Janet Ronsky, PhD



Contact information


Office: 403.220.8620


Research interests

Our research group is focused on understanding relations amongst static and dynamic function and neuromotor control of the musculoskeletal system, as well as the role which alterations to bone and joint structures, mechanics and integrity associated with injury and aging play in joint health status. This year, we have extended our studies of in-vivo joint dynamic function and structure to include neuromotor control aspects as well as subject specific segmental inertial properties and muscle strength (based on MR imaging). These studies have focused on identifying alterations in in-vivo joint mechanics, joint congruence and function associated with PFPS and anterior cruciate ligament (ACL) deficiency. Additionally, studies investigating the role of ACL deficiency, reconstruction and bracing on dynamic stability and muscular coordination are in progress. Using helical axis approaches, we have successfully demonstrated differences in dynamic joint stability in ACL deficient subjects. In collaboration with Geomatics Engineering, we have identified image and surface registration model enhancements for MRI data, as well as new non-linear reconstruction algorithms based on bundle adjustment techniques that provide improved accuracy and computational efficiency for RSA. Our collaborative research evaluating relations between locomotion, postural control and eye gaze, as a function of joint health status and performance level have provided new insights into differences in movement control strategies utilized between trained “superperformers” and those with joint injuries. Our scoliosis research study expanded to include monthly clinical data acquisitions, comparative evaluations of optical imaging system accuracies between research centres and further development of the scoliosis brace prototype. We developed new approaches to classification of scoliosis curvatures using artificial intelligence approaches, as well as new methods for predictions of scoliotic curvatures based on external torso measurements.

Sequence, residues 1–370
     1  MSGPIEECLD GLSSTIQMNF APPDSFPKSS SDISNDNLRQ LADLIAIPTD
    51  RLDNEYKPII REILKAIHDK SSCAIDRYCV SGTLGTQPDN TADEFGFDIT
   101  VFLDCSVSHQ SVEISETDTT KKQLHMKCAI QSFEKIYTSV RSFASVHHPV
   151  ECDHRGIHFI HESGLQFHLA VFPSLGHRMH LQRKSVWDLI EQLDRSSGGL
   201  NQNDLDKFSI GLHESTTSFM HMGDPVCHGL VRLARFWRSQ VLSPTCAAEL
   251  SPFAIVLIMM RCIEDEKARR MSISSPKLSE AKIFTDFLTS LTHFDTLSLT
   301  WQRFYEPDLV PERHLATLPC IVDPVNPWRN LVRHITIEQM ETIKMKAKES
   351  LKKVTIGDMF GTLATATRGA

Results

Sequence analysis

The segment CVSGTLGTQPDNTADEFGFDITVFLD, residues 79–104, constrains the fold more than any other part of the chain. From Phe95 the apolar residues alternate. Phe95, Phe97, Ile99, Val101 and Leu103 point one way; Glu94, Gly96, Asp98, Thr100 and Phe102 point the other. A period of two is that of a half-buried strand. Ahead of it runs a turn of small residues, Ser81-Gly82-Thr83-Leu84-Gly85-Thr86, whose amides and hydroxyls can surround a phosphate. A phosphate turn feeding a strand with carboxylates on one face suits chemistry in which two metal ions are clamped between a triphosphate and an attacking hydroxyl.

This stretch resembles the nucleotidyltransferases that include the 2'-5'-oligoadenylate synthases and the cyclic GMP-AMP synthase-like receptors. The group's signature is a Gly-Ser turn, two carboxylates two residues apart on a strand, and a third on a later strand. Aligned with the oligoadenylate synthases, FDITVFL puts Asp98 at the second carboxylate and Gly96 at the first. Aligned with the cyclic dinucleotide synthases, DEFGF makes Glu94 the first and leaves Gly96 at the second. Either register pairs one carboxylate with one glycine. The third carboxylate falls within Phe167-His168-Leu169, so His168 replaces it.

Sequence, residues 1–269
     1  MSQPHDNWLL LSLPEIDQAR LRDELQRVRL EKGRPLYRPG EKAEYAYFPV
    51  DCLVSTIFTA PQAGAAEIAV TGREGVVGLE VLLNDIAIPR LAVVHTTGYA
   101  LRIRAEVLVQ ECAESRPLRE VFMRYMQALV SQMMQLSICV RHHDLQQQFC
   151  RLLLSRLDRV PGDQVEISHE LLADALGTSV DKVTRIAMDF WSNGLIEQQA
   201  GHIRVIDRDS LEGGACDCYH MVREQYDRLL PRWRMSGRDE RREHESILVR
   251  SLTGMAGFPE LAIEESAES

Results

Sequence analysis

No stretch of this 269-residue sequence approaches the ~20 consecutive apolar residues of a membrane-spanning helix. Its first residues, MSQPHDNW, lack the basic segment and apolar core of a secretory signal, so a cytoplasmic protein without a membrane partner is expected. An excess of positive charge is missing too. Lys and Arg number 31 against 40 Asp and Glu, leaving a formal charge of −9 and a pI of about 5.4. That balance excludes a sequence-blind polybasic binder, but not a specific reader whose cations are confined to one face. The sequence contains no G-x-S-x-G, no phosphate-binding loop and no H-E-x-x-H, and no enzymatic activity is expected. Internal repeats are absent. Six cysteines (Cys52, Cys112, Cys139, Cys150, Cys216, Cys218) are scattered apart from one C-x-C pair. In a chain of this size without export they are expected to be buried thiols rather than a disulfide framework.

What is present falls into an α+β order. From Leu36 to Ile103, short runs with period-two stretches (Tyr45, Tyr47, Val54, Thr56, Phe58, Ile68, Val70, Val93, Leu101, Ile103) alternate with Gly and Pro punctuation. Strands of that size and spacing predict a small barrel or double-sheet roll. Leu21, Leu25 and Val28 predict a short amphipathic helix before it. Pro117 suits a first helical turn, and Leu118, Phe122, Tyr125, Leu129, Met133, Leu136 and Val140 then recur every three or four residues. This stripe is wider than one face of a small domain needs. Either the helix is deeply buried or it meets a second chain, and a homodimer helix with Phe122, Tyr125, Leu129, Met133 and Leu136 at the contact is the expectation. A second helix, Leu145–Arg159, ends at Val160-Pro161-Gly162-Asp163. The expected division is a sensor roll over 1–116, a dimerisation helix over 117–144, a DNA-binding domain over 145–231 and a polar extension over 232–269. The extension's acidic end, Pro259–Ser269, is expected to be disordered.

Read more about Dr. Ronsky's research here.